Hector Belioz once remarked that “Time is a great teacher.  Unfortunately, it kills its pupils.”  Ecclesiastes would agree, though he would have avoided the word unfortunately, seeing that things are just the way they are, set in motion by God, so that time and events unfold according to its own inner logic and seasons.  Only God knows the why of things and we don’t need to waste energy railing against life.  Rather, according to this ancient preacher, the best thing to do is to be happy and enjoy ourselves for as long as we can.  We have so many things about which to worry and over which we have no control what we had better do is look for joy.   Ecclesiastes other prescription for life is that we need to always and forever stand in awe of God, from whose mighty acts nothing can be added or taken away.  God created time.  God set the rhythm of our reality—the time to mourn, dance, gather in and the time to let go.


Knowing what time it is separates the wise from the foolish.  Some us hold on for dear life to that which is already over and done.   Church people have a morbid resistance to having funerals for programs that have been around long beyond their productive lives.  “There is a time to build up and a time to break down, a time to be born and a time to die.” Some cling tenaciously to unhealthy and spent relationships that are no longer nurturing. Others tend as precious keepsakes the painful slights that they have received in life.  The Dali Lama challenges Christians with the story of a  Buddhist man who was imprisoned in Tibet and tortured by the Chinese.  After he was released the man told the Dali Lama that on two occasions things had gotten really terrible in prison.  Had he been close to death, the Dali Lama asked.  “No” the man responded, “Twice, I almost hated the Chinese.”     


The writer of Ecclesiastes acknowledges that there will be hatred and war in this world – not that he condones them–he is simply states a fact.   Jesus was born into a world covered over with hatred and war, with injury and injustice, suffering and mourning.  He came pointing us to higher ground, to the peaceable kingdom.  This is what God originally intended and what Jesus came to restore.  What was it that Jesus announced?  “The kingdom of God is at hand.” He came to overcome all that could separate us from God and from one another.  And whenever we sanction hatred in God’s name what we are doing is completely antithetical to our faith.   So much hatred permeates the public conversation today that we dare not say “Well, that’s just the way things are.”  If there is a time to kill, now is the time to kill the incivility in our public discourse and replace it with civility.  If there was ever a time to sow seeds of reasonableness, the time is now.  We need to know what time it is.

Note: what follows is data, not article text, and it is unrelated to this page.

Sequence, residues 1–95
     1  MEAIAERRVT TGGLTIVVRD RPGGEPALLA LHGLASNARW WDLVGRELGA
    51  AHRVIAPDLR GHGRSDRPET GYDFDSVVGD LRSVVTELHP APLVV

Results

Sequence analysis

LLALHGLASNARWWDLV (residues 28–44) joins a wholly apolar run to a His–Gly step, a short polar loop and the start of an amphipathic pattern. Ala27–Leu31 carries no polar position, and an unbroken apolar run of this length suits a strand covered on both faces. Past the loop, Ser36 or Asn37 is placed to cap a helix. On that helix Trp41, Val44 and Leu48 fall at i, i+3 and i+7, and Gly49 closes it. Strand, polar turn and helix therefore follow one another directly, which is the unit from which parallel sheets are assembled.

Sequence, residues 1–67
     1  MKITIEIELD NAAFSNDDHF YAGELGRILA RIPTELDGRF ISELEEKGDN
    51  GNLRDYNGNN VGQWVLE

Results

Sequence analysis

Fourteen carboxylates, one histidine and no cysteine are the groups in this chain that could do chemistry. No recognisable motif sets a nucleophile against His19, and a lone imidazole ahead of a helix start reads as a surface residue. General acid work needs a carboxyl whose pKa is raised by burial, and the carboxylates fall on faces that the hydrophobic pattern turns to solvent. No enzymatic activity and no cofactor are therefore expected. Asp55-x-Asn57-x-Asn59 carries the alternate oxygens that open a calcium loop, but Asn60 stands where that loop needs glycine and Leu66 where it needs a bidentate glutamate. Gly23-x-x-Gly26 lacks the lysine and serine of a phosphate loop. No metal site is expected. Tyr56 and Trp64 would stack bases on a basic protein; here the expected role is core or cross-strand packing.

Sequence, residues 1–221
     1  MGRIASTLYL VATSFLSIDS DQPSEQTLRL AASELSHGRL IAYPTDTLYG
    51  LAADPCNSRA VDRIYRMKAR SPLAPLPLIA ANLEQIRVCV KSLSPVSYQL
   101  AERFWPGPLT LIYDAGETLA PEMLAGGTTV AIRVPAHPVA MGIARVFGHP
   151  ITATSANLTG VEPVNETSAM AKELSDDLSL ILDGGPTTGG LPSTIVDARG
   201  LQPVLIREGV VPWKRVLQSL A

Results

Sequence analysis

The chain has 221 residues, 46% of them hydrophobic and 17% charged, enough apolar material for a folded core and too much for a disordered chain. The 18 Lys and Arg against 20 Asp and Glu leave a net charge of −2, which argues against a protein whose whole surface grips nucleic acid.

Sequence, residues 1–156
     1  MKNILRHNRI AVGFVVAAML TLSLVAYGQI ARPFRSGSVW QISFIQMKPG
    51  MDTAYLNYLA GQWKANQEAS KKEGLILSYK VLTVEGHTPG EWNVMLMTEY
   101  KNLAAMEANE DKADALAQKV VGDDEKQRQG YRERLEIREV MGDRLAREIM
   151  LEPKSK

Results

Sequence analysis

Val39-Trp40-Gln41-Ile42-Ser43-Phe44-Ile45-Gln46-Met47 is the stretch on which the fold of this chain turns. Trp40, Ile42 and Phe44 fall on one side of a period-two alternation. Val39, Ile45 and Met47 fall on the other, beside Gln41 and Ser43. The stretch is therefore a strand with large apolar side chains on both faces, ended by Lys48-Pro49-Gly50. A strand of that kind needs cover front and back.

When Ecclesiastes tells us that there is “a time to heal” what we fail to grasp is that it is not one message but two. At one level, there is a clear sense is that we should care about the sufferings of others and that such caring carries an obligation to do something. On the other hand, it is equally clear that this pronouncement means that there’s a period of time in every human life when the process of being healed, of coming beyond my own woundedness, may itself be life’s greatest project.   Who has not known what it is to be hurt by spite or neglect. Who has not known what it is to be the target of another’s scorn or rejection or jealousy or misinterpretation?  What then is the process of coming to wholeness again? Often the first obstacle is our attachment to the pain. We have to want to be healed. I dare not forget the blows I have suffered in life but I must choose not to live under their power forever. Next is to entrust ourselves to someone else just when we think we cannot trust anyone or anything at all. Healing comes when I’ve told my story to death, until I have bored even myself with it. For this I need willing listeners who by taking me into the arms of the heart have let me cry. It is not the wounding that kills us; it is lack of understanding that paralyzes our soul.  The final step in healing is a matter of time itself, to honor the fact that there is “A time for healing”.  Time alone doesn’t heal. Left alone our bitterness simply goes beneath our skin and festers.  And we can never heal ourselves, as much as we would like to declare ourselves whole. Ecclesiastes was surely right: in every life there is a time to heal. Why? Because it is only when we decide to become free of whatever it is that is tying us to the past that we can begin to live again, to live anew.


Jesus knew all there was to know about time.  He knew that his time had come—and it would consume his life.  He knew whom to trust with his life, with his own coming and going.  When Jesus began his ministry he said: “The time is fulfilled.”  As we hear that pronouncement today, another “now” is created.   Now is the time of our salvation.  This very moment is fertile with divine possibilities.  This moment when Jesus reigns is the frontier between the old order and the new.  Karl Barth, in his time, called his age the time of ‘great positive possibility.”  It is no less so right now. This day, this month, this new year, this new decade is filled, overflowing, with great divine possibilities.   And yes, we will continue to deal with the consequences of decisions made in our past – the past has not finished with us yet – but the new has truly come. 


It’s my honor and calling to point you to Christ.  When all the rest of us fail at listening and understanding, when joy is absent from our lives, it is this one Christ Jesus, as early Friends testified, who can speak to your condition.  Fox wrote of it this way: And when all my hopes in them and in all men were gone, so that I had nothing outwardly to help me, nor could tell what to do, then, oh then, I heard a voice which said, ‘There is one, even Christ Jesus, that can speak to thy condition’, and when I heard it my heart did leap for joy.